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Robert Stewart

Robert Stewart 2nd Marquess of Londonderry Viscount Castlereagh was an Irish and British statesman. As British Foreign Secretary, from 1812 he was central to the management of the coalition that defeated Napoleon and was the principal British diplomat at the Congress of Vienna. Castlereagh was also leader of the British House of Commons in the Liverpool government from 1812 until his suicide in August 1822. Early in his career, as Chief Secretary for Ireland, he was involved in putting down the Irish Rebellion of 1798 and was instrumental in securing the passage of the Irish Act of Union of 1800.

His foreign policy from 1814 was to work with the leaders represented at the Congress of Vienna to provide a peace in Europe consistent with the conservative mood of the day. Much more than prime minister Lord Liverpool, he was responsible for the repressive domestic measures.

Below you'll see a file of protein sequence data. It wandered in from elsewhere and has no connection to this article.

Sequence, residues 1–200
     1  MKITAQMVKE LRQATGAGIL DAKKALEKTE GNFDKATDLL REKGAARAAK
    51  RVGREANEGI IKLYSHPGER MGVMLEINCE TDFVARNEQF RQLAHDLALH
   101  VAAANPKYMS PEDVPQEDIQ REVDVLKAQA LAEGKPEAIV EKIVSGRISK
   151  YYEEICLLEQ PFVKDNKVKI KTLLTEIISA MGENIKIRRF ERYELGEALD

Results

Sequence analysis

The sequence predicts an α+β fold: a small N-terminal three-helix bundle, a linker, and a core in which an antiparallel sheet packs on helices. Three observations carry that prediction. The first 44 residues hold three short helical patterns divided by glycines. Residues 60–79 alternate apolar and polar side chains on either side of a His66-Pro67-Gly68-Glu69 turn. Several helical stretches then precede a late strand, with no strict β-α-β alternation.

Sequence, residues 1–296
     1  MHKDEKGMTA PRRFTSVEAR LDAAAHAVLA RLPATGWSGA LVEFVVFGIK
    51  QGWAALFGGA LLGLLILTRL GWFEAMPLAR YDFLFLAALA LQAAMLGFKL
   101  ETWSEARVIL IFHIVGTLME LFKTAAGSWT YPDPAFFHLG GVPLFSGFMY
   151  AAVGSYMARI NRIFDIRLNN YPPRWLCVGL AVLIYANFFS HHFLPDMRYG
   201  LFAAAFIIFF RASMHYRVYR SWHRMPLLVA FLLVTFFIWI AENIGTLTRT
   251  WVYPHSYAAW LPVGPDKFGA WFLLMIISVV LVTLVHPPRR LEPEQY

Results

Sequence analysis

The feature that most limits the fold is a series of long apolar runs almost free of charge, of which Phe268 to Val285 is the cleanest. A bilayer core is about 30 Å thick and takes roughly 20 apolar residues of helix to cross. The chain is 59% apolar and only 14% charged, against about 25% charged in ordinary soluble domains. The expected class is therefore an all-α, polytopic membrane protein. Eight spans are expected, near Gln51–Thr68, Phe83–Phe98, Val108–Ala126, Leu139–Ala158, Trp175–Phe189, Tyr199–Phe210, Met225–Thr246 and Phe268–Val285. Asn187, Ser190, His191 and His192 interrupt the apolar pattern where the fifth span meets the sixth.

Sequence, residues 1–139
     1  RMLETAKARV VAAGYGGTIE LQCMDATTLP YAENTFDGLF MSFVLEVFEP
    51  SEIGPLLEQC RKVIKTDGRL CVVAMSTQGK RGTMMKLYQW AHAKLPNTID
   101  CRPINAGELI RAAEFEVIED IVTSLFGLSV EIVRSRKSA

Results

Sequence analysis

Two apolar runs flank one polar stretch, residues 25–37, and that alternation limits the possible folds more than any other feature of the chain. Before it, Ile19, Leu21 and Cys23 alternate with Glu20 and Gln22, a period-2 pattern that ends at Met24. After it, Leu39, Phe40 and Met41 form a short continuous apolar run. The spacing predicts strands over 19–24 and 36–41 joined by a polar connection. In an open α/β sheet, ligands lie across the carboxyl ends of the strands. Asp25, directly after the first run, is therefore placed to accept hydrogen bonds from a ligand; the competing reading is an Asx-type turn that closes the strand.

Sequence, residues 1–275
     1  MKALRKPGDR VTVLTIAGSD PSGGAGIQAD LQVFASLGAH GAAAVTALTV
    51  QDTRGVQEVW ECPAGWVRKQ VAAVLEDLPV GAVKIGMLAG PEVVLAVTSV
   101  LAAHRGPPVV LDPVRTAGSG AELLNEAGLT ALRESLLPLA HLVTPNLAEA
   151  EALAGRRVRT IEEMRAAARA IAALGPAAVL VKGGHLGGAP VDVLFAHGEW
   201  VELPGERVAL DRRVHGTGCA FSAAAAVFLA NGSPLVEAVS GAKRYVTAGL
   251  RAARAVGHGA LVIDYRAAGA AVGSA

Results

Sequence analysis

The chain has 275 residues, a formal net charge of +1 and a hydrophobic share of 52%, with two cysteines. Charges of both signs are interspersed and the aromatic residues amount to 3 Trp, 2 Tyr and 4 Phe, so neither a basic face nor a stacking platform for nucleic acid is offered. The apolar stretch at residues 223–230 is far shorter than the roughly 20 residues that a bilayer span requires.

Robert Stewart acquired the courtesy title Viscount Castlereagh in 1796 when his father was created Earl of Londonderry in the Irish peerage. Upon his father’s death in 1821, he succeeded as 2nd Marquess of Londonderry, a title to which his father had been raised in 1816. His younger half-brother, the soldier, politician and diplomat Charles Stewart (later Vane) succeeded him as 3rd Marquess of Londonderry.

Robert Stewart was born in Henry Street, Dublin, Ireland, in 1769 the son of Robert Stewart (1739–1821) of Newtownards and Comber in County Down, with properties in Counties Donegal and Londonderry. The family seat was Mount Stewart, County Down.